Modern medicine has produced many wonderful technological breakthroughs that have extended the limits of the frail human body. However, much of the focus of this medical research has been on the physical, often reducing the human being to a biological machine to be examined, understood, and controlled. This book begins by asking whether the modern medical milieu has overly objectified the body, unwittingly or not, and whether current studies in bioethics are up to the task of restoring a fuller understanding of the human person. In response, various authors here suggest that a more theological/religious approach would be helpful, or perhaps even necessary.
Presenting specific perspectives from Judaism, Christianity and Islam, the book is divided into three parts: Understanding the Body, Respecting the Body, and The Body at the End of Life. A panel of expert contributors--including philosophers, physicians, and theologians and scholars of religion-- answer key questions such as: What is the relationship between body and soul? What are our obligations toward human bodies? How should medicine respond to suffering and death? The resulting text is an interdisciplinary treatise on how medicine can best function in our societies.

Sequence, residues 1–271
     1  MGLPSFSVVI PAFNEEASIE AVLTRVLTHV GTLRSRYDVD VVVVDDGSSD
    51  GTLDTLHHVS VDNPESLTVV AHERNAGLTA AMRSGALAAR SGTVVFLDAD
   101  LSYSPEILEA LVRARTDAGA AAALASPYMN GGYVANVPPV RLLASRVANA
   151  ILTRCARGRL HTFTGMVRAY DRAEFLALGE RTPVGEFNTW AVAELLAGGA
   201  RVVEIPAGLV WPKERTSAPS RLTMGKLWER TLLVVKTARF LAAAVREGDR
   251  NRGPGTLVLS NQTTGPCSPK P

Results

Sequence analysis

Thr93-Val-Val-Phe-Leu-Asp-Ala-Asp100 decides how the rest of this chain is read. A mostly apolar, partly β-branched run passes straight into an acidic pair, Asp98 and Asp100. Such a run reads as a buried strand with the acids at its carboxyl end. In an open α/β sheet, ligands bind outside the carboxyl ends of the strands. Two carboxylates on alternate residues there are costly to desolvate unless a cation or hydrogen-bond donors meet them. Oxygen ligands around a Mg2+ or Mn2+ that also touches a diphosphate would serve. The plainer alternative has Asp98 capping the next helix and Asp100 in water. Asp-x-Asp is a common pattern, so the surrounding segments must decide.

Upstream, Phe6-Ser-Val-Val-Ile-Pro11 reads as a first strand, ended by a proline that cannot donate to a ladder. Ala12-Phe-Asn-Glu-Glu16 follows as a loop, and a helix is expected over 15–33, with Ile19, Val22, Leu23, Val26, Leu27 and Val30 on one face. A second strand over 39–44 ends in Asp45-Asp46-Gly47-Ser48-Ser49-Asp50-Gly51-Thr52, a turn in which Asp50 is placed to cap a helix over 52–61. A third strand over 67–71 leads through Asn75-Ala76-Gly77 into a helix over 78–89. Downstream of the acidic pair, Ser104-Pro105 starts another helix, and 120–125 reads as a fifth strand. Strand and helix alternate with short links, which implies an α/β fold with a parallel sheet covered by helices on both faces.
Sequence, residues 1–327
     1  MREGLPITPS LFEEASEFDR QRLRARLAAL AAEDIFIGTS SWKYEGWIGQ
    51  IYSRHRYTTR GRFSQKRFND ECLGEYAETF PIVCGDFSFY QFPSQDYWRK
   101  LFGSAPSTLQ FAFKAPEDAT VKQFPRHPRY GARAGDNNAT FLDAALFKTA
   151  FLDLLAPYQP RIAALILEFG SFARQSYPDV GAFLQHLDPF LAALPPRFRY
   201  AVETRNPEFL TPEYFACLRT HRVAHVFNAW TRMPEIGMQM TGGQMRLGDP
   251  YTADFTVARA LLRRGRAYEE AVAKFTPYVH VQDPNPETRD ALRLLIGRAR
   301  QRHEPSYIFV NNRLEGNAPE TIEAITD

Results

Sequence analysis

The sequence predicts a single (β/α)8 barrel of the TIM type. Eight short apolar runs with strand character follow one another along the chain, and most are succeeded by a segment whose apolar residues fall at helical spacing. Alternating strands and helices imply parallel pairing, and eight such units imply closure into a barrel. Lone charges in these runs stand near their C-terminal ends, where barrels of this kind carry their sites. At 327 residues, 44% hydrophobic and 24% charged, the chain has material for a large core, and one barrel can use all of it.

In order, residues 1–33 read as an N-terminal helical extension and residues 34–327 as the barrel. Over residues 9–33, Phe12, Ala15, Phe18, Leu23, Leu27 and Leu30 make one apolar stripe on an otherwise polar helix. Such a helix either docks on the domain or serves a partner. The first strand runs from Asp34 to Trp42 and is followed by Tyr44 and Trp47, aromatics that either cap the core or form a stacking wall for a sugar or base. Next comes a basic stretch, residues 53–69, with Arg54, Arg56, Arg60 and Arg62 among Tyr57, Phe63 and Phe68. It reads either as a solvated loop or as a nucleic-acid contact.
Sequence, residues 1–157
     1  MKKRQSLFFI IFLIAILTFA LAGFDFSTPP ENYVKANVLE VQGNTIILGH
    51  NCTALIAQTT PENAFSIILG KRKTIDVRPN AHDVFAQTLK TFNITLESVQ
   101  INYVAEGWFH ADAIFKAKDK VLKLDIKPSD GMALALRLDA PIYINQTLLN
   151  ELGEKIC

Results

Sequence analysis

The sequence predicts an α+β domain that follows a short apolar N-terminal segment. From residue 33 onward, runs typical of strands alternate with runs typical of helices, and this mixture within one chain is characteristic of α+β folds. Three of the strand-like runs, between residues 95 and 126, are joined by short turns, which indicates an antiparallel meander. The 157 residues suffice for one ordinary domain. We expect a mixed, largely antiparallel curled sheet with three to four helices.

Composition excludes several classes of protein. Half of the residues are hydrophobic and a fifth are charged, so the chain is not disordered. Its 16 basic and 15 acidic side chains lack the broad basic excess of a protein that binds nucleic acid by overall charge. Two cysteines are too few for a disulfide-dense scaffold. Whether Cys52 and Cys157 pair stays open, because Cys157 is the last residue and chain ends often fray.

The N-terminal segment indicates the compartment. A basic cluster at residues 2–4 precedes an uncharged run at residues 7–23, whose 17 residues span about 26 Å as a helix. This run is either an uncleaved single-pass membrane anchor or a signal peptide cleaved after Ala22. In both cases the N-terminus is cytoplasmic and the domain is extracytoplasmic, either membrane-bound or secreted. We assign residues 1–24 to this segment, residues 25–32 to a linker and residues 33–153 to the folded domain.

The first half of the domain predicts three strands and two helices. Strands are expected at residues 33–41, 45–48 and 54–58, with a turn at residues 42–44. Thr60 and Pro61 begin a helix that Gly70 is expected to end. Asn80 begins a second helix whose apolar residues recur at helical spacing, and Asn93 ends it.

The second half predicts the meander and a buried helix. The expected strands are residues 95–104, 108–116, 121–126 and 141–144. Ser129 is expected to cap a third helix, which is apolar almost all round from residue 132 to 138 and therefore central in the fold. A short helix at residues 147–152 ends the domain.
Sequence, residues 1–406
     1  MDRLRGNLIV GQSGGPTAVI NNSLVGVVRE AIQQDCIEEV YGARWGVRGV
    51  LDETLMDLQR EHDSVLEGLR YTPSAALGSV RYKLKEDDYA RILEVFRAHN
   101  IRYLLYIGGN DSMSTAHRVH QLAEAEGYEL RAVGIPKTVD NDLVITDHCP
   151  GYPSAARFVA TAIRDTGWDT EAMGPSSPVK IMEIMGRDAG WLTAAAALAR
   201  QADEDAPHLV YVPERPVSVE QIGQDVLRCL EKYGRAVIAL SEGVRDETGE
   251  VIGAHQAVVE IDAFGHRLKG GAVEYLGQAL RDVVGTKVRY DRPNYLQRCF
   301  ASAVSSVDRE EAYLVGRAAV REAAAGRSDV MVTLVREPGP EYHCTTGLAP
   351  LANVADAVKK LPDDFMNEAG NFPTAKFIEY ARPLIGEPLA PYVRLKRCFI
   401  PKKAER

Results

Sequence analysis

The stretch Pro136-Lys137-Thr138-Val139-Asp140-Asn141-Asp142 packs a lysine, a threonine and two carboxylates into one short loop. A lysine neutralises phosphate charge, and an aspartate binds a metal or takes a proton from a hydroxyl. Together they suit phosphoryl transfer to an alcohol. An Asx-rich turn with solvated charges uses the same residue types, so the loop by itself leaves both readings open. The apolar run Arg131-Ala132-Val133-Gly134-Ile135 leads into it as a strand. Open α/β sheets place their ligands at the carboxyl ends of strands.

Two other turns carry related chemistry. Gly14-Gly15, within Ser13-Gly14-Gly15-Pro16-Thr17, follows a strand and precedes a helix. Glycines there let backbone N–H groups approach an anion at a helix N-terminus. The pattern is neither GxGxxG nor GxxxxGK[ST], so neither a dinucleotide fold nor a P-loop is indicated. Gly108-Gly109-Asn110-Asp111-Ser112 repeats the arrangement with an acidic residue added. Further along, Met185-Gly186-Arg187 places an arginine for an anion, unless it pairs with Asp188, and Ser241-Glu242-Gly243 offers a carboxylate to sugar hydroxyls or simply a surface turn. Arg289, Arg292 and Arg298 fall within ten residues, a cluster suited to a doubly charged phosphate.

Offering a new way to approach the medical humanities, this book will be of keen interest to any scholars with an interest in contemporary religious perspectives on medicine and the body.